Some Sam­sung fans want to keep Note 7

Kuwait Times - - TECHNOLOGY -

SAN FRAN­CISCO/SEOUL: San Fran­cisco Bay Area risk con­sul­tant Gil Oliva is will­ing to risk that his Sam­sung Gal­axy Note 7 smart­phone might catch fire, shrug­ging off a global re­call that has dam­aged the South Korean man­u­fac­turer’s rep­u­ta­tion and raised ques­tions about its fu­ture. The stylish Note 7, which boasts a curved screen, an iris scan­ner and a pen ac­ces­sory, was well-re­garded un­til some be­gan catch­ing fire. Oliva likened it to Fer­rari sports cars, which also were re­called over fire is­sues in 2010. “I’ve got the Fer­rari. And yes, Fer­raris catch on fire some­times,” said Oliva, 32, of Oakland, Cal­i­for­nia. The 5.7-inch Note 7 had been ex­pected to ac­cel­er­ate Sam­sung Elec­tron­ics Co’s mo­bile-sales mo­men­tum. Then, Sam­sung an­nounced a global re­call of 2.5 mil­lion Note 7s in early Septem­ber. The com­pany said this week it would per­ma­nently stop pro­duc­tion and sales. It urged users to power down and of­fered to ex­change de­vices for other mod­els glob­ally.

As the com­pany works to con­tain dam­age and stop the re­call from taint­ing the en­tire brand, some fans say they are not wor­ried. The large­screen, $882 phone em­ploys a sim­i­lar de­sign to Sam­sung’s flag­ship Gal­axy S7, the best-sell­ing An­droid phone in the first half of 2016. Sam­sung had hoped the Note 7 would en­joy a sim­i­lar ap­peal. Wall Street ex­pects iPhone maker Ap­ple Inc to ben­e­fit from Sam­sung’s re­call, along with mak­ers of other phones run­ning An­droid. Still, Ver­i­zon Com­mu­ni­ca­tions Inc spokes­woman Kelly Crum­mey said many Note 7 cus­tomers are ex­chang­ing the re­called de­vices for other Sam­sung phones.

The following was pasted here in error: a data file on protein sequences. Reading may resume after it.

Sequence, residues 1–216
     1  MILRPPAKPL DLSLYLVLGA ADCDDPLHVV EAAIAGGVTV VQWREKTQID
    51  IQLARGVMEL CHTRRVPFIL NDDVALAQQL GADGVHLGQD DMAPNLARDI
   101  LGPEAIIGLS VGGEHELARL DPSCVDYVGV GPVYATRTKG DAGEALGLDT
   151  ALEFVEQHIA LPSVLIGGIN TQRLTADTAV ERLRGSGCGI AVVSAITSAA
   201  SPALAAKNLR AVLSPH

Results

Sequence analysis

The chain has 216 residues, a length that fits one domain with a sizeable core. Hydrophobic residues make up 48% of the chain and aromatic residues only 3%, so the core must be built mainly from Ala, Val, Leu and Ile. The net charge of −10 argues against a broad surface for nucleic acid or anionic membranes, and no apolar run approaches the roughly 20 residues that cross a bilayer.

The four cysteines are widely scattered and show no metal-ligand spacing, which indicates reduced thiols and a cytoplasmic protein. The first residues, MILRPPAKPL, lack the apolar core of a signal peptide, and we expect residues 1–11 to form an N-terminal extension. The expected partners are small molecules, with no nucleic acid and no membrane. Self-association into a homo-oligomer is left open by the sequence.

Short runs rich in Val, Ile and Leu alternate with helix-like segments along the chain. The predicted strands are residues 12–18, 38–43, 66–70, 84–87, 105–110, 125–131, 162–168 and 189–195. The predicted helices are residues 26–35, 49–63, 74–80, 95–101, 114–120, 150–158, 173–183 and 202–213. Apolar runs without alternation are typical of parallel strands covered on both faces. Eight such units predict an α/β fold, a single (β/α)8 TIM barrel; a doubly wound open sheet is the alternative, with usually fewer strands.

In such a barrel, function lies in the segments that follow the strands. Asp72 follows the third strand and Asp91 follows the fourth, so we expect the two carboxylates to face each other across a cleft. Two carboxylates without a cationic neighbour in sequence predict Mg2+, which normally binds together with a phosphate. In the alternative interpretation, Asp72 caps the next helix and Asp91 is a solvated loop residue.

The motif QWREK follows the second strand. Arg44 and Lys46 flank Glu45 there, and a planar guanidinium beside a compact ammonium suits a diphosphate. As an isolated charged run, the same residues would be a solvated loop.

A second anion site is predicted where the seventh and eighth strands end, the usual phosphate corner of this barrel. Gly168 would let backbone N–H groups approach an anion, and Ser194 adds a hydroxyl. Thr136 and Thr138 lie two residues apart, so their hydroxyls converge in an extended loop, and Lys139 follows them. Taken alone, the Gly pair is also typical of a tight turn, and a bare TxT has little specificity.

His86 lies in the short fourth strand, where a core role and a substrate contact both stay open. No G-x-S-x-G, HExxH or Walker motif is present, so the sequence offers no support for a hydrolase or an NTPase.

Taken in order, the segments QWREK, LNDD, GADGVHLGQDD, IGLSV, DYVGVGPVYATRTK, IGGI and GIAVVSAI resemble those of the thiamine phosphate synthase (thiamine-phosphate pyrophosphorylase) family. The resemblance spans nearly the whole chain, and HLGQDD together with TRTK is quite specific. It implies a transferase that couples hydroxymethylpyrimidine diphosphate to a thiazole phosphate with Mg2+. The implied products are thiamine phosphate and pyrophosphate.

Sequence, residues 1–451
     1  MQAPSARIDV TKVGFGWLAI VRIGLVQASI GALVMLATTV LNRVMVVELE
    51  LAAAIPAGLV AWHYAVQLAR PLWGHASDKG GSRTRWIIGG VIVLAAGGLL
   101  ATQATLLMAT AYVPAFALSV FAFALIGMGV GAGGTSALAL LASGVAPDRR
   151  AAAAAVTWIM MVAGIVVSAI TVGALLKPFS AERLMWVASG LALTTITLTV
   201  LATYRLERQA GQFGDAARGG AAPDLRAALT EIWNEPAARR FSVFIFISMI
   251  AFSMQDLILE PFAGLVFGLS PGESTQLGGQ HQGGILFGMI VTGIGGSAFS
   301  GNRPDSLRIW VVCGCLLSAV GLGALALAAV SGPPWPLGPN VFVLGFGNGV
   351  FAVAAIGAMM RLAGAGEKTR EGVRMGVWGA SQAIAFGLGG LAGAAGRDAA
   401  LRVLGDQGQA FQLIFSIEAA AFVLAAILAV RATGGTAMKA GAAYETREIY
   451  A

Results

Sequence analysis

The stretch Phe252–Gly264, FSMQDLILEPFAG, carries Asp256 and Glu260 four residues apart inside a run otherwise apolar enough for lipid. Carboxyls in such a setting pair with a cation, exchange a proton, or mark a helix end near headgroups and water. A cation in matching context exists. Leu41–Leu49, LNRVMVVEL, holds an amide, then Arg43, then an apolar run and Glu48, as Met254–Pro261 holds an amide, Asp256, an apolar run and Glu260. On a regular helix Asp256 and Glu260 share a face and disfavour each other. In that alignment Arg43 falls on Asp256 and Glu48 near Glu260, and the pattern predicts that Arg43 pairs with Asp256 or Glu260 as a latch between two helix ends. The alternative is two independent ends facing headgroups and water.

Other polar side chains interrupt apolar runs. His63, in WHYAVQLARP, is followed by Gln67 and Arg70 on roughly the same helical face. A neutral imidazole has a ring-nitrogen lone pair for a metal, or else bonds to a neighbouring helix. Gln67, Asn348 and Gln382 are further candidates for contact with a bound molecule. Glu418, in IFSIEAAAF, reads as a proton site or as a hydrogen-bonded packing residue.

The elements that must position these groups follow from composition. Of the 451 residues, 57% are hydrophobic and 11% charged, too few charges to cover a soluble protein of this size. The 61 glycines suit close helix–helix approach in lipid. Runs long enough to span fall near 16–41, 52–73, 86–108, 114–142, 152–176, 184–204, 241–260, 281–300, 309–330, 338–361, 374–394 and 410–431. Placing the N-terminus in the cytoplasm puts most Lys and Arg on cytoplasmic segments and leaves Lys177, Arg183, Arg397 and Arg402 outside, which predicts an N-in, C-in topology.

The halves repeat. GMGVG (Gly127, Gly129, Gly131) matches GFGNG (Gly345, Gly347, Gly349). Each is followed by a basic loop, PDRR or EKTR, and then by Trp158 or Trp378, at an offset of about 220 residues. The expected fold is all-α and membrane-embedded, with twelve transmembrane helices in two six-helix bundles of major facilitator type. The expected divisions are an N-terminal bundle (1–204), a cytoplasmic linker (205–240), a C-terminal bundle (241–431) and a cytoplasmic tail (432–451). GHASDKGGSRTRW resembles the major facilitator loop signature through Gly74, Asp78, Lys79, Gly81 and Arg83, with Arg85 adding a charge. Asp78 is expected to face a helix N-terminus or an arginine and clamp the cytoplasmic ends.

Josh Dickey, en­ter­tain­ment edi­tor at tech­nol­ogy news site Mashable, said in an op-ed on Wed­nes­day he would keep his phone, cal­cu­lat­ing a hu­man was twice as likely to be struck by light­ning as a Note 7 was to catch fire. Fewer than 100 burn­ing phones have been re­ported. Many other cus­tomers around the world had the same re­ac­tion. “The prob­lem is there is no other phone that I like,” said Jo Hyang-won, a 32-year-old of­fice worker in South Korea.

Sam­sung ex­pects the Note 7 fail­ure to dent prof­its by about $5.3 bil­lion. It blamed faulty bat­ter­ies for the orig­i­nal prob­lem but has not guessed at what caused re­place­ment phones to over­heat. Sidrah Ah­mad in Sin­ga­pore said safety con­sid­er­a­tions mean even­tu­ally giv­ing up the Note 7. “I am try­ing to ig­nore the voices in my head say­ing I should stop. But I think I’ll have to stop soon.” —Reuters

Newspapers in English

Newspapers from Kuwait

© PressReader. All rights reserved.